• Empathy is the ability to understand and share the feelings of others

  • Mimi Nicklin explores how empathy can play a role in our collective recovery from this challenging Covid-19 period

  • If your mental health is struggling as a result of the lockdown, find a therapist here

Against a backdrop of globally rising anxiety, depression numbers at their highest and Brexit-related uncertainty, the pandemic continues to create a re-imagining of what health and wellness means to us. As we enter a year that may also offer us the worst economic downturn that we have seen, our wellbeing has never been more important.

In a recent survey conducted by AXA, 64% of respondents said that their stress levels had increased since before the pandemic while 81% said that they had a ‘poor’ or ‘low’ state of mind. Further research from O.C. Tanner’s 2021 Global Culture Report, which surveyed 40,000 employees and leaders across the world including over 1,600 from the UK, shows that Covid has driven burnout rates up by 81%. The connection between our mass uncertainty surrounding job security, financial hardship, a lack of social contact and a potentially fatal virus have led us to see the highest levels of emotional stress in many years. We are living in tenuous times.

Could higher levels of empathy be a key part of our recovery?

Whilst empathy alone won’t solve the extent of our emotional challenges, our connectivity as people will go a significant way in building the foundations we need to recover. As human beings our need to belong is evolutionary. It can be seen throughout all of society and it fundamentally drives our wellness, our happiness and even our immunity.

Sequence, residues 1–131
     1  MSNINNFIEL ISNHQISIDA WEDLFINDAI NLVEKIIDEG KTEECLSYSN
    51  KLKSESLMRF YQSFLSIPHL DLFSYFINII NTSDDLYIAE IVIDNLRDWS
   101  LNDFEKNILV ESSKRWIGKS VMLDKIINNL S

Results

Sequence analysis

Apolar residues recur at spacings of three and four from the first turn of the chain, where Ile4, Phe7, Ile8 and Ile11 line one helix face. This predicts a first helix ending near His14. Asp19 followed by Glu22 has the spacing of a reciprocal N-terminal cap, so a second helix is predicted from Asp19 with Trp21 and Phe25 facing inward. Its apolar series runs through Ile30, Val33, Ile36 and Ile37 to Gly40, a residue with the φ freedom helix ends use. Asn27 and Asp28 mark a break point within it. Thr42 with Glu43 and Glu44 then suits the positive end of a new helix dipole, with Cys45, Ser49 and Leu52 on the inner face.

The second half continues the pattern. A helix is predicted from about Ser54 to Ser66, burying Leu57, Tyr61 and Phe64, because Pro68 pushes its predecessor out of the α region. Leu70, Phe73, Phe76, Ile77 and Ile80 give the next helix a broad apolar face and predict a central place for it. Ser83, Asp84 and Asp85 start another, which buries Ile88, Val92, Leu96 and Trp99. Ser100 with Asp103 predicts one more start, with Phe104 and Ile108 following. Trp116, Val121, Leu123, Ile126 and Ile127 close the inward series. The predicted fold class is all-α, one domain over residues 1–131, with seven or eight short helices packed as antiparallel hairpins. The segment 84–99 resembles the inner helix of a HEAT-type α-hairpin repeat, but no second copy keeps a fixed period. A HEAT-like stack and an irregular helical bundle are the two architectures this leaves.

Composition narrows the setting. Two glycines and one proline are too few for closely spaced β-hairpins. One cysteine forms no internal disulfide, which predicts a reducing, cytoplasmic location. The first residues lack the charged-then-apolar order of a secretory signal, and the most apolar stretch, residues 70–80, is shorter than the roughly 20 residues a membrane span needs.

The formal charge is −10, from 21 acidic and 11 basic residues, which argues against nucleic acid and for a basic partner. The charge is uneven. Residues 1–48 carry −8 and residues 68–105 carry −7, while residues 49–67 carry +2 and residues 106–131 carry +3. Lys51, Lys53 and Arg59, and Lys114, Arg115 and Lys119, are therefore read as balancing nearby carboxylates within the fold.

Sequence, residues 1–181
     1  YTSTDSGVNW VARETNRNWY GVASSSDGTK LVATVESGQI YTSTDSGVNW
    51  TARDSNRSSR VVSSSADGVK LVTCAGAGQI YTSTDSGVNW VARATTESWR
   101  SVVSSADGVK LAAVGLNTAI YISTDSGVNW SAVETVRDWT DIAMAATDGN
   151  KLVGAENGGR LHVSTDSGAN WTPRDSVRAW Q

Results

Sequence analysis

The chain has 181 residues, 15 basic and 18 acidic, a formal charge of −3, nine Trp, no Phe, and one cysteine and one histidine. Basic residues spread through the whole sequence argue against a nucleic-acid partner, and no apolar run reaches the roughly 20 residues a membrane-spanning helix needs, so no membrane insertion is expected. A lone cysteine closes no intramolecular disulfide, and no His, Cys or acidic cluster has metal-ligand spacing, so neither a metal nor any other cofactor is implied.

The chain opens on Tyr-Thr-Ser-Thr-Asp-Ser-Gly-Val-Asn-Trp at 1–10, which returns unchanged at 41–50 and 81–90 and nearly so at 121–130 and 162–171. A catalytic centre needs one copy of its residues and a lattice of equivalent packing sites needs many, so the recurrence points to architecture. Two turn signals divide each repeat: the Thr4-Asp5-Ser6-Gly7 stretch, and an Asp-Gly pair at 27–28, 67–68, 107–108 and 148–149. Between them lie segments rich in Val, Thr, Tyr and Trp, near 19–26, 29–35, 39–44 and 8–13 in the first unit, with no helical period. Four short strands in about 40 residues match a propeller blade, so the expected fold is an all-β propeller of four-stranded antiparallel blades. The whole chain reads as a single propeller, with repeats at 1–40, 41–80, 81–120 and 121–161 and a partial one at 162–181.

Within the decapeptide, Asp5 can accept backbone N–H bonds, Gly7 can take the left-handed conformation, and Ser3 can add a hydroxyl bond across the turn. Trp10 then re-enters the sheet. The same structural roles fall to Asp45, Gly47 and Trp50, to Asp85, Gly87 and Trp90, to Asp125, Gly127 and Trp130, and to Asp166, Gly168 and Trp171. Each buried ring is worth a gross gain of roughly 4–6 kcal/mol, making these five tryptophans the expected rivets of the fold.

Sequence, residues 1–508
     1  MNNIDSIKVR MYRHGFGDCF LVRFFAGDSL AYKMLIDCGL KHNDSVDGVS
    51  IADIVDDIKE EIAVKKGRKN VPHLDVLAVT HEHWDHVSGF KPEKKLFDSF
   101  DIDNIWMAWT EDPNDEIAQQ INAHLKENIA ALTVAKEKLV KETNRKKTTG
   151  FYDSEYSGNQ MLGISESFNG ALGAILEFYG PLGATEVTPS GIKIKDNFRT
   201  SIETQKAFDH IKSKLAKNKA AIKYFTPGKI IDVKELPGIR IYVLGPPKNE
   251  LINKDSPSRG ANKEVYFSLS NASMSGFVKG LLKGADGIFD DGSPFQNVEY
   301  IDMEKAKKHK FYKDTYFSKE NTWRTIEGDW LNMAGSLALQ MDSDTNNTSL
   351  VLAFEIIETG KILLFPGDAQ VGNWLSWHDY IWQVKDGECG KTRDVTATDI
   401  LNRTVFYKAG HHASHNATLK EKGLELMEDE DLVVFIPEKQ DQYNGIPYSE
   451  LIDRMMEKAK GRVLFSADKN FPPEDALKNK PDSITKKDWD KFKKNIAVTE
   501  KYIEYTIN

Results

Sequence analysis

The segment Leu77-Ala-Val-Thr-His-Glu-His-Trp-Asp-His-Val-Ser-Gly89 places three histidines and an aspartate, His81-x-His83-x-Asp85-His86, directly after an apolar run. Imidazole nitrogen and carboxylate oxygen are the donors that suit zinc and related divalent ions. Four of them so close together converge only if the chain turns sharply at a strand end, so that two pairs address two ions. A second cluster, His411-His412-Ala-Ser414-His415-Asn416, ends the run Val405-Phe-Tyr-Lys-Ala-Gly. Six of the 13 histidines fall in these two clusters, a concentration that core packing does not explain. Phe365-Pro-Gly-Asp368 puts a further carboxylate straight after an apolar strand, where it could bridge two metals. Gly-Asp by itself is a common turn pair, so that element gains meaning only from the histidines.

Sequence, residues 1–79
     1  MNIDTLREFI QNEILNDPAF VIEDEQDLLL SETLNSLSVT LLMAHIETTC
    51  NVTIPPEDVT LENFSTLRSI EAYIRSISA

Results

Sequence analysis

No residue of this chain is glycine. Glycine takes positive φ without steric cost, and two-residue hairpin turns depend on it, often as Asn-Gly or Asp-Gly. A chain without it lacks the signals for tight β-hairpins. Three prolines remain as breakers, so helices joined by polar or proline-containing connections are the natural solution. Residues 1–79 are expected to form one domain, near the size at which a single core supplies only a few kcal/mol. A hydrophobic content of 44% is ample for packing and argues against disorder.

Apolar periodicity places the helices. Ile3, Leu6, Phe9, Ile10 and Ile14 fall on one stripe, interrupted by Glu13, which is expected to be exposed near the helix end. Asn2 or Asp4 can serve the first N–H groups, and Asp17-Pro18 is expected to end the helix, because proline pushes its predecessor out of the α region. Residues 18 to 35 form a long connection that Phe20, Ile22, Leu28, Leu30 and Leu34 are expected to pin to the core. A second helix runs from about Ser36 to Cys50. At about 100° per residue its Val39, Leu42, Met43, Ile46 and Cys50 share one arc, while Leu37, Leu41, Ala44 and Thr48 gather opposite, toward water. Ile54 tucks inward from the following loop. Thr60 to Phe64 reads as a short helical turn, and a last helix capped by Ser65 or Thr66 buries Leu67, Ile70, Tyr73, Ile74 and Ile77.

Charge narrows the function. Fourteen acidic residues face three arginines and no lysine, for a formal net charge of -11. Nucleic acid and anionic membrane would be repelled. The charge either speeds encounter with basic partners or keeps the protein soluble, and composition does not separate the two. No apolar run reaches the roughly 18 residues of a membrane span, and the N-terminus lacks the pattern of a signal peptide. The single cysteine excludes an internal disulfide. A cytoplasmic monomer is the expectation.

People spend a great deal of time ensuring they are understood and recognised as part of social groups, igniting their own identity and safety by doing so. Our ability to understand each other and connect because of this is deeply intertwined with our mental health and strength. We are quite literally built to seek social companionship and understanding, and it is deeply interlinked with our resilience and ability to thrive in adversity.

“Human beings are an ultra-social species — and our nervous systems expect to have others around us,” Emiliana Simon-Thomas, PhD, Science Director of the Greater Good Science Center at The University of California, Berkeley

Given this ongoing macro reality, we are seeing an overt need and demand for emotional wellbeing support in the workplace. As human beings we do far better together than we do apart, and the pandemic has altered our requirements for finding this at work as well as at home. If there was ever a time for HR and leadership teams to shine and prove a connected and emotional intelligent organisational culture it is now. It has become a criteria for both performance and loyalty. Seeing people for their own unique circumstances has become the need of the hour and regenerating trust and conversation via open and empathetic communication has become a key differentiator in the companies that thrive.

Research indicates that being able to use empathy in all environments, home and work, is crucial for our mental health and that it adds immeasurably to our wellness. This may be the reason we are seeing such a fast evolution in our understanding of this ancient skillset that we are born with. As we face many more months of disruption and the widespread fear of “never seeing the end” deepen, we all need to commit to extending our innate understanding of one another far beyond our own bubbles alone. We could argue that our survival as a healthy and strong society depends on it.

After 30 years of declining empathy levels, this skillset may be in short supply but our need to change this has never been in higher demand. As our collective understanding of this rises, we are seeing a widespread recognition that humans need to be more connected, more aligned, kinder and more “human” than we have seen in the isolated freefall of the last three decades. This is a survival imperative.

True empathy may not be easy to master but it is the most powerful expression of our shared humanity and in a world of continued turmoil, it may just be the sharpest tool we have for our emotional recovery.

Mimi Nicklin is the host of Empathy for Breakfast show, Secrets of The Gap podcast and author of new book Softening the Edge

Further reading

Why do we reject empathy?

What does being authentic really mean?

What's the downside of empathy?

How social and political forces shape our identity

The three different types of empathy